If you work for a business whose goal is to earn a profit, you work in the private sector. The private sector is the part of the economy owned and controlled by individuals and businesses rather than the government. Unlike the public sector, which is funded primarily through tax dollars, the private sector generates revenue from selling goods and services.
Learn how the private sector functions in the U.S. economy, the basic differences between the private and public sectors, and why each one matters to you.
Definition and Examples of the Private Sector
The private sector is the economic segment controlled by private individuals and businesses rather than the government. A private-sector business sells products or services to customers with the goal of earning a profit. The owners typically earn income from the business, and they may also pass part of the profits on to shareholders and investors. Most people employed in the U.S. work in the private sector.
While most of the private sector consists of for-profit businesses, the U.S. Bureau of Labor Statistics classifies jobs in nonprofit organizations as part of the private sector.
Generally speaking, the private sector is made up of privately and publicly owned businesses. Giant corporations such as Walmart, McDonald’s, and Apple are all examples of publicly owned, private-sector businesses. One of their sources of funding is issuing stocks that are bought on a public stock exchange by investors; this makes them publicly owned.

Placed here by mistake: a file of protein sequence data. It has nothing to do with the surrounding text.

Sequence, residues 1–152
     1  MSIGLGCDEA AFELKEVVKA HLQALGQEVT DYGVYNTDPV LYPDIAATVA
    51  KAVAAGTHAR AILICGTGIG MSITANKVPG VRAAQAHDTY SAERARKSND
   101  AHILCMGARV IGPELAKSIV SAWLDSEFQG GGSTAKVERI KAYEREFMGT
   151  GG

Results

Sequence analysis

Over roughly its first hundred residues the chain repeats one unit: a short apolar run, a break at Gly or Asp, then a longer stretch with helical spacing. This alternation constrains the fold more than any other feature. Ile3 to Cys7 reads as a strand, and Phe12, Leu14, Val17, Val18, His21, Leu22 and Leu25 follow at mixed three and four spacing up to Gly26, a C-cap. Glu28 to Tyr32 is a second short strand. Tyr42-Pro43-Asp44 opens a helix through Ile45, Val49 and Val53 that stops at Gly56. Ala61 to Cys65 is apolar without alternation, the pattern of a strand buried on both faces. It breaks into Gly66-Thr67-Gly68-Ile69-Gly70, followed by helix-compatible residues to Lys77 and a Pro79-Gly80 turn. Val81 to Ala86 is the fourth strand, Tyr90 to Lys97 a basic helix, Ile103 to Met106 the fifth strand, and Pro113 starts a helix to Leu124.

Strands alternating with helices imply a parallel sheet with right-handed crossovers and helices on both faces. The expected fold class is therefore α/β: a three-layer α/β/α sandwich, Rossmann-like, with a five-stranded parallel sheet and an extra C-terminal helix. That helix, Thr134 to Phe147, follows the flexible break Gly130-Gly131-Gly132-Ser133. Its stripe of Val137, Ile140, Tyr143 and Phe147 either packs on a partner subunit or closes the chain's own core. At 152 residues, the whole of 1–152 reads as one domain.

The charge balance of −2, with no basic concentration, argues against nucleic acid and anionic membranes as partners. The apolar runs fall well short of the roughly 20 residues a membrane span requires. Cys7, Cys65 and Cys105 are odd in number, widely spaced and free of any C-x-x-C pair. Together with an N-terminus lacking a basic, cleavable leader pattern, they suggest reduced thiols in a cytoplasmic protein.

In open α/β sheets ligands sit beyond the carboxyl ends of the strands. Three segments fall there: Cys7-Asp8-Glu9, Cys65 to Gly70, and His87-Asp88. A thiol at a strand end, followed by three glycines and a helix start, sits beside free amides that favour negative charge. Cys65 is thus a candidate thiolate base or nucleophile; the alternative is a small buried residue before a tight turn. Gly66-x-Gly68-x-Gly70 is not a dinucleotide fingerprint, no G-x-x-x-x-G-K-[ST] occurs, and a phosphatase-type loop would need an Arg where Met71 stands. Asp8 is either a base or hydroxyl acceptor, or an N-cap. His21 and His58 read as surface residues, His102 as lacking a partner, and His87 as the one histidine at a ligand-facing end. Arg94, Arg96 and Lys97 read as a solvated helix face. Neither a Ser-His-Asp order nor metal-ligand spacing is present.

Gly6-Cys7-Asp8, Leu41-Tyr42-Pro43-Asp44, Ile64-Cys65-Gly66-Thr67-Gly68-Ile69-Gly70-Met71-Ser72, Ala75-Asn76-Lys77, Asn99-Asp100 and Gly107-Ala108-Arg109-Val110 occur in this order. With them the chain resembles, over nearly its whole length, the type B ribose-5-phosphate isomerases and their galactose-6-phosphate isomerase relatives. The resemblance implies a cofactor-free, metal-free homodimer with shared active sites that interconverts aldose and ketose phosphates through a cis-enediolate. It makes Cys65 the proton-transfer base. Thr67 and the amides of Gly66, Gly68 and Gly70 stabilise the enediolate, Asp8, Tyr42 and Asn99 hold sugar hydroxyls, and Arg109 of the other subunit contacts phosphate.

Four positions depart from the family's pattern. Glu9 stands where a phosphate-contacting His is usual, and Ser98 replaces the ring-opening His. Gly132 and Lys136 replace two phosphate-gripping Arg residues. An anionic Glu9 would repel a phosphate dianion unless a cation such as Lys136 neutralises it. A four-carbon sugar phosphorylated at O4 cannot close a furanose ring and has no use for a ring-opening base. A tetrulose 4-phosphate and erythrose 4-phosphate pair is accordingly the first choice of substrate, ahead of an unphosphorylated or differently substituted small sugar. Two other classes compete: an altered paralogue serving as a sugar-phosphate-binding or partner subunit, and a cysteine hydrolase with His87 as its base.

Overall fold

Smaller businesses, like your neighborhood barbershop or self-employed people, are privately owned private-sector businesses. They do not issue stocks to investors, so they remain privately owned.
Small businesses are the most commonly owned type in the U.S. Some structures used by these businesses include corporations, cooperatives, trusts, partnerships, and sole proprietorships.
How the Private Sector Works
When someone wants to start a private-sector business in the U.S., they generally have three options: self-funding, finding investors, or obtaining business loans. As a company grows, it may choose to finance its growth by making an initial public offering (IPO). That means the company issues stock that becomes available for the general public to buy and sell on stock exchanges.
Privately owned businesses that don’t issue public stocks tend to be smaller, often family-owned or owned by a small group of people.
The U.S. Securities and Exchange Commission (SEC) requires publicly traded companies to submit extensive information about financial performance, including annual and quarterly statements. Privately held companies, however, aren’t subject to these reporting requirements.
Private Sector vs. Public Sector
|Private Sector||Public Sector|
|Includes large corporations, small businesses, self-employed people, and independent contractors||Includes the military and federal, state, and local government agencies|
|Purpose is to generate a profit||Purpose is to serve the public|
|Revenues are generated through the sale of goods and services||Revenues are generated by levying taxes|